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Last updated: July 10. 2014 11:45PM - 1681 Views
By Elizabeth Baumeister Ebaumeister@civitasmedia.com



Jerry Paxton holds up a bowl while Carol Sweeney tries to auction it off at the opening night of the Back Mountain Library Auction on Thursday. The auction runs through Sunday.
Jerry Paxton holds up a bowl while Carol Sweeney tries to auction it off at the opening night of the Back Mountain Library Auction on Thursday. The auction runs through Sunday.
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DALLAS — Organizers were pleased with a high turnout for Thursday night’s opening of the 68th Annual Back Mountain Memorial Library Auction, which continues through Sunday.


“It’s a very good start to our weekend,” said library Board President Ron Moran, as he looked out over the crowed lot in front of the auction stands. “We had very good weather. I don’t remember this many people sitting out here for the auction on the first night.”


One attendee, Jordon Nichol, of Dallas, said he’s been coming to the auction for as long as he can remember.


“I live at the end of the street, so it’s kind of hard not to come,” said the 18-year-old, adding the best part is hanging out with friends from school who he hasn’t seen all summer.


Judy McCarroll, of Lehman Township, and her son, Will, also make the auction an annual tradition. Their favorite part this year was shopping in the Odds and Ends Tent, where they purchased some glasses they plan to use for the dime pitch at the annual bazaar at Saint Robert Bellarmine Parish in Wilkes-Barre during the first week of August.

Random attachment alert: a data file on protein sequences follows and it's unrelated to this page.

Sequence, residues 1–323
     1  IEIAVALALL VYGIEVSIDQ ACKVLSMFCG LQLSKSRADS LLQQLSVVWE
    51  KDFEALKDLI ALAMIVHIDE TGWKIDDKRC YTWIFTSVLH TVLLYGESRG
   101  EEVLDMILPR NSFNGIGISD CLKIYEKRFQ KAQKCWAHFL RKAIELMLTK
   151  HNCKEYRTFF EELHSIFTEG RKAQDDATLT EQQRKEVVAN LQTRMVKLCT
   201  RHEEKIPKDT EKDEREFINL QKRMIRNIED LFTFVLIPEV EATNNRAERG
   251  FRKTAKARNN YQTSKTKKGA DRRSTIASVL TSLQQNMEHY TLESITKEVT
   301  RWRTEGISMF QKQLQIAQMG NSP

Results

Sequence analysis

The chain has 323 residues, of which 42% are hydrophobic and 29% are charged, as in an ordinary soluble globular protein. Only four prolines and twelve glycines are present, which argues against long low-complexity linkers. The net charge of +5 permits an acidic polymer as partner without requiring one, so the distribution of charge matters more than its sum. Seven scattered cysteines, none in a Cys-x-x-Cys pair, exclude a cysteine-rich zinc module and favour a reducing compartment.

“We like coming to this tent to see what kind of bargains we can find,” Judy McCarroll said. Will added that he also enjoys coming for the food.


None of it would be possible, however, without the help of volunteers, such as Boy Scout Troop 281, of Dallas. The troop not only set up once this year, but twice, after a thunderstorm ripped through the grounds Tuesday night causing severe damage to the tents and much of the merchandise.


“We started about a week ago,” said Scout Master Ron Santora, “setting up the tents, clearing the grounds, moving merchandise. We worked all day Monday, Tuesday, then the storm hit and did a lot of damage.”


The Scouts and other volunteers stuck with it, many working 15 hours a day or more to ensure the event opened on schedule.


One Scout, Corey McAndrew, said the work fits in well with what the Scouts do, and they were all glad to help.


“Especially after the storm,” McAndrew said. “The tents were down, and then it started raining again …”


Danny Burkhart added, “I love helping. I always love helping.”


A third Scout, Michael Santora, said he’s also been attending the auction as long as he can remember, and it’s well worth the effort to him.


“The auction means a lot to a lot of people,” he said, “so to see them enjoying it, that’s always nice.”


 
 
 
 
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